There can be no doubt in anyone’s mind about the determination McKay brings to her work and she is spurred on by the memories and experiences of her own career progression. “I had one aviation role where one of the managers said, ‘we've never had anyone do this role that's not a man under 40 years old, so how do we know Fiona's capable?’ I only got to hear about that because of some raw honesty. But these are the kinds of things that that happen to us.
“As I became more senior, I faced a lot more challenges as a woman and it really got to me. I wanted to try and make it different for the women that came behind me. Not different in the sense of go in there and change the system as that's going to take decades. But to actually give women some of the skills that they need to get there and the confidence to know that if they were in a position where they weren't being valued, they could walk away and know that they could be successful in other aerospace companies.”
McKay is clear about her vision, her evidence, and her goals. “What most people don't realize is that the percentage of women in aviation hasn’t changed for 50 years. There are more women here because the industry has grown, not because the percentage has grown and there's still a long way to go.”
The Leading Ladies Of… Aerospace and Defense movement started during the pandemic and McKay sees the ‘virtual’ nature of the origins of the organization as a gift.
“The beauty in the virtual world is that it's much more accessible to people,” she says. “I hear that from a lot of companies that say, ‘I can send 20, 30, 40 of my women, because it's virtual,’ so it gives everybody a chance to participate. And when it's virtual, you can get much better speakers and women can be in the same virtual room as a collection of women that they would never meet otherwise.”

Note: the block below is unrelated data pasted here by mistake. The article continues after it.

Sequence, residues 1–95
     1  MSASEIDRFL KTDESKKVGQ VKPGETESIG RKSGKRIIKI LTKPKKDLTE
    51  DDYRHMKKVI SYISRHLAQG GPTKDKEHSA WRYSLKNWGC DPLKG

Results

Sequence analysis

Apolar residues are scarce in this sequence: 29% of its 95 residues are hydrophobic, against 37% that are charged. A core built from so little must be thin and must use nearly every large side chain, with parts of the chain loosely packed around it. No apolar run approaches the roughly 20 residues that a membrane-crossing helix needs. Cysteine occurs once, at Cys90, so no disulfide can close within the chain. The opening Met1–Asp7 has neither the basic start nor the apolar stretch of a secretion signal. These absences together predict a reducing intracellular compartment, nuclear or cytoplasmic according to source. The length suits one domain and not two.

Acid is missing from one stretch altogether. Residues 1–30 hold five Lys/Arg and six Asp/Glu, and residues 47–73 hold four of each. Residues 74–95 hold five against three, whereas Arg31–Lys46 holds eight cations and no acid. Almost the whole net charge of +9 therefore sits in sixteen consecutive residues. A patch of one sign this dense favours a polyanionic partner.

The next big event for the Leading Ladies Of… will take place on September 22, 2022. It’s the annual leadership conference and there is already an impressive lineup of speakers – both female and male allies – with sponsorship already secured from the likes of Airbus, MagniX, Sprit AeroSystems and Valence Surface Technologies.
“Our events are not like other virtual events. People tell us they didn't leave their seat for four hours, even to use the loo! We're saying, these are some of the things that I face. These are some of my opinions on the industry. And this is what we can go do about it. It's real actionable advice that can help you to become a better leader.”
The event is attended by both senior women and those looking to move into leadership in the future, and all allies are welcome to join too.
Image: Fiona McKay's personal archive.
“We welcome male allies, or any allies, because they need to hear about our experiences in order to be allies,” McKay explains. “This year, I'm really proud that for the first time we are opening up to students and military for free.”
It’s sometimes difficult to tackle the elephant in the room when talking about subjects that could be sensitive. But not with McKay, who tackles them head on with an eagerness and enthusiasm I reserve for booking my next companion voucher transatlantic first-class seat. So why is that some women (and men) are not as supportive as they should be?
Without even taking a breath, McKay launches in. “I would like to acknowledge that there are men and women that aren't supportive, but because people expect it less from women, it’s perhaps looked on worse than when men do it. Which is not right, so I'm just going to say that.”